FLUSHING, NEW YORK - MARCH 26: The Subway stop platform to Citi Field remains empty on March 26, 2020. Citi Field is closed on the scheduled date for Opening Day March 26, 2020 in Flushing, New York. Major League Baseball has postponed the start of its season due to the coronavirus (COVID-19) outbreak and MLB commissioner Rob Manfred recently said the league is
(Photo by Al Bello/Getty Images)

It may not seem like it right now, but baseball might be back fairly soon. The clock is ticking, but that might be the push MLB needs.

Do you ever get that feeling, when something is about to happen, that wow, this might actually be real? This might actually come true? You know the feeling I’m talking about.

Like when the New York Mets were in the World Series in 2015. “Wait a minute,” I thought to myself. “This time next week, the Mets might be World Series champions. That’s a real thing that I’ve never even imagined would actually happen, and it might happen by next week.” It didn’t seem real. It never did become real, of course, but it could have.

I got that feeling in August 2012, the first time I ever saw Matt Harvey pitch in person. The Mets were playing the Rockies, and like most games when anyone worth watching was on the mound, the Mets couldn’t score. Scott Hairston hit a sac fly in the bottom of the first; Ike Davis hit an RBI single to drive in Hairston in the eighth. That was it.

Harvey allowed a run in six innings; after he left, Ramon Ramirez and Frank Francisco allowed two runs each. Going to the bottom of the ninth, the Mets were losing 5-2.

Mike Baxter singled with one out. With two outs, Justin Turner walked. Ronny Cedeño, representing the tying run, came up.

“Ronny Cedeño,” I thought to myself, from my seat in the right-field corner of the field level, “might be about to hit a three-run homer to tie the game, which would easily be one of the best moments of the season, and it might happen right in front of me in a few seconds.”

Suddenly: a deep fly ball, Carlos González going back, deeper, reaching the track, still going…did he do it? Did he actually do it?

Of course, he didn’t. González caught Cedeño’s line drive at the wall, and the Mets lost 5-2. It never became real. But it could have.

MLB Start Date

Which brings us to this week, as MLB owners and MLBPA negotiate to bring baseball back to the field. Will it happen? It’s unclear and seems almost impossible to predict. But at the same time, it’s a strangely familiar situation: within a week or two, unlikely as it may seem, baseball may officially be close to returning.

Any season that’s going to happen will have to start in July (or late June, although at this point, that seems so ambitious that it’s foolish). Even the shortened season of about 50 games that the owners may propose as a last resort would start in July, reports Jeff Passan of ESPN.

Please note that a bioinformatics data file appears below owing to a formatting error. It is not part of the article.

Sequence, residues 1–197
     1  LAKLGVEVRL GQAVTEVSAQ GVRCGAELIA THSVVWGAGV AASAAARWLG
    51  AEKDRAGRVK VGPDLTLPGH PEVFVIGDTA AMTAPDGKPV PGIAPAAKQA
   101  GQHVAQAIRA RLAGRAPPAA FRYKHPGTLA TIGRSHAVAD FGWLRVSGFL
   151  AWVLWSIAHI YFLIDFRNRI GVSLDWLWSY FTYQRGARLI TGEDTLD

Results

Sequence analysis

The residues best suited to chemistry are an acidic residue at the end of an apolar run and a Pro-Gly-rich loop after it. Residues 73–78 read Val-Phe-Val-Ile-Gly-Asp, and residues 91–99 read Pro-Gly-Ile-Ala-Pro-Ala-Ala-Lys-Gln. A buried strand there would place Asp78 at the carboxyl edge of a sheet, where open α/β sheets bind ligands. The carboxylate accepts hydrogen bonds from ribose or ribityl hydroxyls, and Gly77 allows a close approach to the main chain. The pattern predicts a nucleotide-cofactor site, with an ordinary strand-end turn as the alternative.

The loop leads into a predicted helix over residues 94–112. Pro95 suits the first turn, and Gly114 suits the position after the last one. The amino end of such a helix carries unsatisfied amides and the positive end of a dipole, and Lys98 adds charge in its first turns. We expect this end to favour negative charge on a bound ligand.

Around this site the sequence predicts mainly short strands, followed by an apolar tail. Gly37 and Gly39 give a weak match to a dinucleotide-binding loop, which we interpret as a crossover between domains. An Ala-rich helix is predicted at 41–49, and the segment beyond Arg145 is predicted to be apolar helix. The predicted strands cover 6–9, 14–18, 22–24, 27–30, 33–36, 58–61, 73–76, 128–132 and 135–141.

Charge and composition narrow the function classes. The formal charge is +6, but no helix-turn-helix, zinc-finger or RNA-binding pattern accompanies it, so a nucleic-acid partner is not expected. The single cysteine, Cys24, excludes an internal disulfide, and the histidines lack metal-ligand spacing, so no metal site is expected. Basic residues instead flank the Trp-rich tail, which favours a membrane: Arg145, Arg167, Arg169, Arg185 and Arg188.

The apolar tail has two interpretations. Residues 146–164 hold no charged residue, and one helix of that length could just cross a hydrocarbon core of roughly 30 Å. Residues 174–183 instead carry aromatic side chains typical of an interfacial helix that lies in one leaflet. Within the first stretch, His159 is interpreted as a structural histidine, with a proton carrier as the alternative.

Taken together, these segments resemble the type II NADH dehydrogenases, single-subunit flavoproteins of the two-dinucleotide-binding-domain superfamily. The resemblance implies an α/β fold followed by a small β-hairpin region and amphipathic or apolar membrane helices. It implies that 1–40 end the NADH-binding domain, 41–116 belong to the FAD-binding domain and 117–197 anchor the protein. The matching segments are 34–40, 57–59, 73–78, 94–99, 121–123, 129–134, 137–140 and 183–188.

Even if the two sides can agree on a start date in July, the players will need time to get back into playing shape. “Spring training 2.0” probably can’t be any shorter than three weeks or so: Assuming no days off, that would mean four turns through a five-man rotation, enough time for pitchers to stretch from prolonged inactivity to game-readiness. And spring training can’t just start immediately: Players will need at least a few days to get to their spring training sites, wherever those may be.

Taken together, even if the union and the owners reach a deal to return, it will almost certainly be at least three and a half weeks before any regular-season baseball. Let’s call it 25 days, best case: three days for players and coaches to assemble at training sites, 21 days of training, and one day off between the end of spring training and Opening Day.

As for what that 25-day figure means, the math is pretty simple. To open by July 1, the two sides will need to reach a deal by June 5 — this Friday. To open by July 4 in a festive display of Americana, negotiations would need to end by June 8, next Monday. Even a July 15 opening, later than the two sides seem to want, would necessitate a deal by Friday, June 19, a little bit more than two weeks from today.

Of course, there are also negatives to the immediate necessity of a deal. Namely, if the players and the owners can’t reach an agreement within the next week or so, and within the next few weeks — if they’re willing to stretch things to the absolute maximum — they’ll run out of time to stage any kind of baseball season at all. That’s a completely realistic possibility.

But no one wants that. Even the owners seem willing to finance a season, albeit a dramatically shortened one, as a last resort. So here we are. As abstract and uncertain as it seems right now, if there’s going to be a baseball season, we will know within the next few weeks, and maybe even within the next seven days. Baseball might really come back. It can actually happen. This time, Ronny Cedeño can hit that ball over the fence.

I have followed New York sports passionately for almost my entire life, since I went to Shea Stadium in 2004 and saw Jae Seo lose 8-1 to the Pirates. At journalism school, I once missed covering a Land Use Committee meeting to write about Jacob deGrom's last start of the year.